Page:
It was the battle that liberated Western Europe from Nazi Germany's control: June 6, 1944 was the beginning of the Battle of Normandy in World War II.
This year marks the 75th anniversary of that date, called "D-Day." More than 156,000 American, British and Canadian forces were allies when they landed on five beaches along 50 miles of the Normandy region of France.
History shows the invasion was one of the biggest and most-planned military assaults. The Germans were misled about where an invasion may occur.
Adolf Hitler knew a strike was coming, but he did not know where.
Two months after D-Day, northern France was free, and within a year, the Germans were all defeated by the group of allies.
The invasion at Normandy is thought of as the beginning of the end of war in Europe, History.com says.
The U.S. military during the Battle of Normandy was led by General Dwight Eisenhower, who had been appointed commander of "Operation Overlord."
How did the allies deceive the German military leaders? They carried out a "massive deception operation" (History.com) with an intention to make the Germans believe their invasion target was the narrowest point between Britain and France, called Pas-de-Calais, rather than Normandy.
They used everything from fake equipment to a phantom army led by George Patton. There were also fake radio transmissions.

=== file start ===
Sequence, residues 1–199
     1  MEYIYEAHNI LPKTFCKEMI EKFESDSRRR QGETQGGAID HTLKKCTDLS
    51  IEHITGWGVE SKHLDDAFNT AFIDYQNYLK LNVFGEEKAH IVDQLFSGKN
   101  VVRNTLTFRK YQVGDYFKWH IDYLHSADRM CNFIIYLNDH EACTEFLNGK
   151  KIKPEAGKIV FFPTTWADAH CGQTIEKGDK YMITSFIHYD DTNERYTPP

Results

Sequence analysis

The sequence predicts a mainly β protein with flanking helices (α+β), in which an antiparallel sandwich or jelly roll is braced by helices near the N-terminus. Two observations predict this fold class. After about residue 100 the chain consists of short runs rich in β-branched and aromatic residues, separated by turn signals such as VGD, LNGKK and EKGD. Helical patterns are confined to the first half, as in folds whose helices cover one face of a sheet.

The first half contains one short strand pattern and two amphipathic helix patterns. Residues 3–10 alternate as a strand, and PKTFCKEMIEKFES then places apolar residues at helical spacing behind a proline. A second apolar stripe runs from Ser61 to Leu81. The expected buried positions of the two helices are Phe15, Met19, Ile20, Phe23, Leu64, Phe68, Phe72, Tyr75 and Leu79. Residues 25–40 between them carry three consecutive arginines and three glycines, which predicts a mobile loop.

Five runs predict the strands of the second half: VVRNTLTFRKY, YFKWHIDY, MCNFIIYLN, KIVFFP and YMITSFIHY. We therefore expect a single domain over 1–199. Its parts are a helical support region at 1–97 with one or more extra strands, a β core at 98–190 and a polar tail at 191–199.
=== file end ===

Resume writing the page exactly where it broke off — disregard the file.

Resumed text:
D-Day was actually delayed by bad weather on the day before, History.com says.
Some D-Day facts:
• 5,000 ships delivered troops to the beaches (and supplies)
• 11,000 aircraft were in position to provide cover from above
• 156,000 allied troops stormed Normandy's beaches
• Estimates show 4,000 of those troops lost their lives during the invasion
• Thousands were wounded or went missing and were not found
To honor the 75th anniversary of D-Day and the invasion at Normandy, several national events are scheduled.
• PBS aired a television special on Memorial Day, a concert, that paid tribute to D-Day. In it, the story of SGT Ray Lambert, who served in World War II, was featured. Watch the concert here.
• The National WWII Museum in New Orleans, Louisiana will pause as it does every June 6 to remember those who landed on the beaches and lost their lives. It has
a special exhibit through October
that commemorates the anniversary through showing the life and works of a French fine-art painter who fought the Nazis and channeled that experience into art.
• Muskegon, Ohio is celebrating the anniversary this weekend (May 31-June 1) with displays and vendors and ship tours of the USS LST 393. It's open to the public. More information is on the LST393 website.
• "Go Ruck" challenges are scheduled in various cities across the U.S., including Washington D.C., Chicago, San Francisco and more. Most take place Saturday (June 1).
• In Portsmouth, New Hampshire, two of the last remaining high-speed World War II motor boats are on display. The military members who manned the boats during the war were always at risk as the boats carried tons of fuel and new technology.
• In Stokes Bay, New Hampshire, there's a D-Day 75 1940s dance with Big Band music. The band plays at war-themed events. The dance is happening Saturday evening.
• On June 6, U.S. President Donald Trump will gather in France with European leaders to honor the anniversary. D-Day veterans will be in attendance. Events are expected to be televised.
There are several other events planned throughout the year. See the D-Day anniversary website for details.